Published on February 9, 2011 at 6 p.m. by Mary Wimberley  

“The Emergence of Personalized Medicine: Legal, Social and Ethical Implications” will be the topic of a Biotechnology conference hosted by Samford University’s Cumberland School of Law Friday, Feb. 18.

The program, which will begin at 8:50 a.m. and conclude at 3 p.m., is free and open to the public. It will be held in the moot courtroom of Robinson Hall law building.

The symposium will address issues that arise from today’s unprecedented power to guide medical decisions based on knowledge of individual variation in risk of disease and response to treatment. The topic acknowledges that these opportunities to improve health raise new ethical, legal and social issues regarding health care delivery and the use of information.

Program participants represent legal, medical, ethical and research aspects of the topic.

Morning sessions will be led by Bruce R. Korf, genetics department chair and director, Heflin Center for Genome Sciences, University of Alabama at Birmingham; Uta Francke, professor of ethics and pediatrics, Stanford University School of Medicine; Ellen Wright Clayton, co-director of the Center for Biomedical Ethics and Society , Vanderbilt University Medical Center; and health care services and policy researcher Vence Bonham, Jr., an advisor and investigator at the National Human Genome Research Institute and National Institutes of health.

An early afternoon session will be led by biotechnology patent law specialist Andrew W. Torrance, professor at University of Kansas Law School and director of an annual conference, Biolaw: Law at the Frontiers of Biology.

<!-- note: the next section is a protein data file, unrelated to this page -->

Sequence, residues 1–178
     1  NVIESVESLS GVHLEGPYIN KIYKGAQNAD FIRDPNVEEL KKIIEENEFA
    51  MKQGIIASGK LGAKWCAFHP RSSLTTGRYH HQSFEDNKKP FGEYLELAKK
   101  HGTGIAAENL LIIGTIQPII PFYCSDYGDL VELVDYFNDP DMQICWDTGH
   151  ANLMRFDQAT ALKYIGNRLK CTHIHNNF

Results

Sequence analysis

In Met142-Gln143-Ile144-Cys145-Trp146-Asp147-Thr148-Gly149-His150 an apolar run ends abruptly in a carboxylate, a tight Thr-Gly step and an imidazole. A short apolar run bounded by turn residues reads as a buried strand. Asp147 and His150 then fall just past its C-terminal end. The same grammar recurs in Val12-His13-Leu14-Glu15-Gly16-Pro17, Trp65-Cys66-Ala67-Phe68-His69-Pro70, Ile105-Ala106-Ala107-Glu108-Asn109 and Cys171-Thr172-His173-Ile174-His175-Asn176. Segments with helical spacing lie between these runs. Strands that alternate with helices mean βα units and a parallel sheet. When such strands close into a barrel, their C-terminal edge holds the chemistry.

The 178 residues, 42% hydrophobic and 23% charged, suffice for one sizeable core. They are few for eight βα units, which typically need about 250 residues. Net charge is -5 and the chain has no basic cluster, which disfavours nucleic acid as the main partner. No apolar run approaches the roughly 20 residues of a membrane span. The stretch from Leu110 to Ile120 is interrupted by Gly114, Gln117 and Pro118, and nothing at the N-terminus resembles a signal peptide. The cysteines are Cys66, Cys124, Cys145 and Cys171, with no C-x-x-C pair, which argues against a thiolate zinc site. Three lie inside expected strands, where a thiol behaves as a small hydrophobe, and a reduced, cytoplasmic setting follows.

All five speakers will participate in a final discussion that will address points of agreement and points of dispute on the topic.

Sponsors and co-sponsors of the conference are: Cumberland’s Center for Biotechnology, Law and Ethics; Department of Genetics, UAB Medical School; UAB’s Heflin Center of Genomic Science, UAB Center for Clinical and Translational Science, HudsonAlpha Institute for Biotechnology, Huntsville, Ala.; Intellectual Property Society; Women in Law; Black Law Students Association; and the Cumberland Law Review.

For information, contact Biotechnology Center director David Smolin at (205) 726-2418 or email

Samford is a leading Christian university offering undergraduate programs grounded in the liberal arts with an array of nationally recognized graduate and professional schools. Founded in 1841, Samford is the 87th-oldest institution of higher learning in the United States. Samford enrolls 5,791 students from 49 states, Puerto Rico and 16 countries in its 10 academic schools: arts, arts and sciences, business, divinity, education, health professions, law, nursing, pharmacy and public health. Samford fields 17 athletic teams that compete in the tradition-rich Southern Conference and ranks 6th nationally for its Graduation Success Rate among all NCAA Division I schools.